Rural Society and the Anglican Clergy, 1815-1914: Encountering and Managing the Poor

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Boydell Press, 2006 - Religion - 235 pages
The conduct of divine service was only one item on the agenda of the nineteenth-century clergyman. He might have to sit on the magistrates' bench, or concern himself with business as a farmer or landowner, or attend a meeting of the Poor Law guardians. He would, in all probability, be closely involved with the day-to-day running of the local school, and he would almost certainly be the principle administrator of the parochial charities. While some of these roles were clearly predestined to bring him into conflict with certain members of his flock, others seem ostensibly designed to operate in their interests. None, however, seem to have earned him much in the way of devotion and respect: instead, each of them at one time or another attracted the direct hostility of parishioners, most particularly those attached to dissenting and/or radical groups. This book is a detailed exploration of the relationship between Anglican clergymen and the inhabitants of rural parishes in the nineteenth century. Taking Norfolk as a focus, the author examines the many and profound ways in which the Victorian Church affected the daily lives and political destinies of local communities.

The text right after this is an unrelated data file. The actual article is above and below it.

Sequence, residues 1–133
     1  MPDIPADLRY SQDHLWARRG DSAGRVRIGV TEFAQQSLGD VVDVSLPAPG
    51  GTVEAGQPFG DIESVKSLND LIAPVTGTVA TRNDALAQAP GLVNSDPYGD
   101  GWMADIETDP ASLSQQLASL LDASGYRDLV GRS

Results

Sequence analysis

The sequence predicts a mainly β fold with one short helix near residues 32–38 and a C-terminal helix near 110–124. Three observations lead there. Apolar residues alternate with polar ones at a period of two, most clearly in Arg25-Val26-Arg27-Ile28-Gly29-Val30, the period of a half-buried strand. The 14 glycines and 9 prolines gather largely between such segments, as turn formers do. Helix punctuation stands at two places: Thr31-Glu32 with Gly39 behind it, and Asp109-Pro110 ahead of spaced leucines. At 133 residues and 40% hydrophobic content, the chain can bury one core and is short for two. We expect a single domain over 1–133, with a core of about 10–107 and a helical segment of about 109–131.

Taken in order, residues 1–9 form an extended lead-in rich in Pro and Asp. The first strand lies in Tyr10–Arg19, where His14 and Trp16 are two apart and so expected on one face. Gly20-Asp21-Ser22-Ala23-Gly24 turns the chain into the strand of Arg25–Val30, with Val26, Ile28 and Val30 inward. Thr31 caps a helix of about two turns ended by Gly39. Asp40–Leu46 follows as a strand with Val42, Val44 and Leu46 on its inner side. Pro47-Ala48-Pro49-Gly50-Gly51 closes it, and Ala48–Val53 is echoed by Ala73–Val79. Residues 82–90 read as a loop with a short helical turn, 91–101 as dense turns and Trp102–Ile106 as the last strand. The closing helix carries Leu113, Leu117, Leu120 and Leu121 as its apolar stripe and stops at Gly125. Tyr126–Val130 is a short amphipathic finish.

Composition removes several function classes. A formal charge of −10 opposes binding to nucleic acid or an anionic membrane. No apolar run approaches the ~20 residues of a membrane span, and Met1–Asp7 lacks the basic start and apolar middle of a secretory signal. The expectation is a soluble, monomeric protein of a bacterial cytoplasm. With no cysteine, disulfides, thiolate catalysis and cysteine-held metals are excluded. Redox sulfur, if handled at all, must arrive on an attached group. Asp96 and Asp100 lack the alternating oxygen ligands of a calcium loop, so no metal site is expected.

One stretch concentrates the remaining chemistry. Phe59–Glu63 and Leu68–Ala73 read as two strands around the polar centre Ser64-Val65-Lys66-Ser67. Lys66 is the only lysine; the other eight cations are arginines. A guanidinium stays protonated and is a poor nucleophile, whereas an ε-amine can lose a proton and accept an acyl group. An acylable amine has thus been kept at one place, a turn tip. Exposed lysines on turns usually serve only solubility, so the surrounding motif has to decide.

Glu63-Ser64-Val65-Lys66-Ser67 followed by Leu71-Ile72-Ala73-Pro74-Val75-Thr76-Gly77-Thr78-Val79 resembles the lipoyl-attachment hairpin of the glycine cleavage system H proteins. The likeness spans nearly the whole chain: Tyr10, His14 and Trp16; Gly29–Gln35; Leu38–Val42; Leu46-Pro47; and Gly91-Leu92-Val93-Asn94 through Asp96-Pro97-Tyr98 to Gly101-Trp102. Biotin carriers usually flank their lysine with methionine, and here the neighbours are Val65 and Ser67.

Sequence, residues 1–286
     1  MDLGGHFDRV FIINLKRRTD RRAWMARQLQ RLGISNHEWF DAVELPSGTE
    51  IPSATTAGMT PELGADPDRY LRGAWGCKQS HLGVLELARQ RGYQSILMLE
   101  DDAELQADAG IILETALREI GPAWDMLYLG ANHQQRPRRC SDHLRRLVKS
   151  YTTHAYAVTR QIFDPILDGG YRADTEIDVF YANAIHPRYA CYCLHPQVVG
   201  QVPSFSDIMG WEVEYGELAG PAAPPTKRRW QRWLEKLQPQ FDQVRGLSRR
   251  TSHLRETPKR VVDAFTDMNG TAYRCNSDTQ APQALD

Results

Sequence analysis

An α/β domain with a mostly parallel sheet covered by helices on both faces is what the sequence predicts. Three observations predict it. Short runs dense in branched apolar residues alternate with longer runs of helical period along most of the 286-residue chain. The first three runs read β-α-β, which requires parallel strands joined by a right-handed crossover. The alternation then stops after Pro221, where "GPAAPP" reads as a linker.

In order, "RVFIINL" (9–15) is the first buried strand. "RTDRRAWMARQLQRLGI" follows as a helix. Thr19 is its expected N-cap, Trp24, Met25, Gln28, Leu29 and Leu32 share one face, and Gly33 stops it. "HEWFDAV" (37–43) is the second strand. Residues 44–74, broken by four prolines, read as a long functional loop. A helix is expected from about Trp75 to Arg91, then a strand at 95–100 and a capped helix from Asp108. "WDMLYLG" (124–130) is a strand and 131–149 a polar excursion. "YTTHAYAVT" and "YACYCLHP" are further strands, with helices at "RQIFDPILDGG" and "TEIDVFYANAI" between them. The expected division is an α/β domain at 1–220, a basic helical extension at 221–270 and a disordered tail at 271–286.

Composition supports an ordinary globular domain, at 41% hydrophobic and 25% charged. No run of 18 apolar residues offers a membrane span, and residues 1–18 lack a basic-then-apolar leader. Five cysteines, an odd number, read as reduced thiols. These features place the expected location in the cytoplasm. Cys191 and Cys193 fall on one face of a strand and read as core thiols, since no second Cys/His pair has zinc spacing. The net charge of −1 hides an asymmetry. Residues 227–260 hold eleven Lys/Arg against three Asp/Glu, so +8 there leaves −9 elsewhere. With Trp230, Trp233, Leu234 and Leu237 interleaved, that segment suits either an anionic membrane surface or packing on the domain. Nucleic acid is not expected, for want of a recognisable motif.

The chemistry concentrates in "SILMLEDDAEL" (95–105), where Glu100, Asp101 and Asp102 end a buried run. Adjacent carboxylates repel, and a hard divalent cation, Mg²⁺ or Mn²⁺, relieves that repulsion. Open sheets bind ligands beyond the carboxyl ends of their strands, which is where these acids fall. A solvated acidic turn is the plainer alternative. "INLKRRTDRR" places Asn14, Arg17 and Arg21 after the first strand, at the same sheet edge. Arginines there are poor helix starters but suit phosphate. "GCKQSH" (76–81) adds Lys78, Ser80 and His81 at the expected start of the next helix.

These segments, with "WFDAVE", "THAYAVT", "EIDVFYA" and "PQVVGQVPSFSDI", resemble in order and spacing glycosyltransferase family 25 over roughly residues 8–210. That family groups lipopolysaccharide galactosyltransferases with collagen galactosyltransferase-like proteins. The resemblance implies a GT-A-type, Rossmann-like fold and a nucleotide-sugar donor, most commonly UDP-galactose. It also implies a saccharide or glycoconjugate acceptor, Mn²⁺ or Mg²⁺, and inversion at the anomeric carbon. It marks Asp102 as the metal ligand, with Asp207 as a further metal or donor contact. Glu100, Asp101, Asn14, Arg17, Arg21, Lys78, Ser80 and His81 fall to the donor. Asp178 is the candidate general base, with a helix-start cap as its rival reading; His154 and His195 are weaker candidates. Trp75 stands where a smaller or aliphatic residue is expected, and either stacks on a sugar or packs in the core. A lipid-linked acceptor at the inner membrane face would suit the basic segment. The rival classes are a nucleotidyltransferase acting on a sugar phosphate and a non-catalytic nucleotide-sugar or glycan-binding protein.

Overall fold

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Contents

Introduction
1
Encountering unrest
11
Encounters with popular culture
30
Encountering social
56
Managing moral and economic behaviour
77
Managing law and order
104
Managing education
131
Managing dissidence
157
Conclusion
181
Bibliography
201
Index
221
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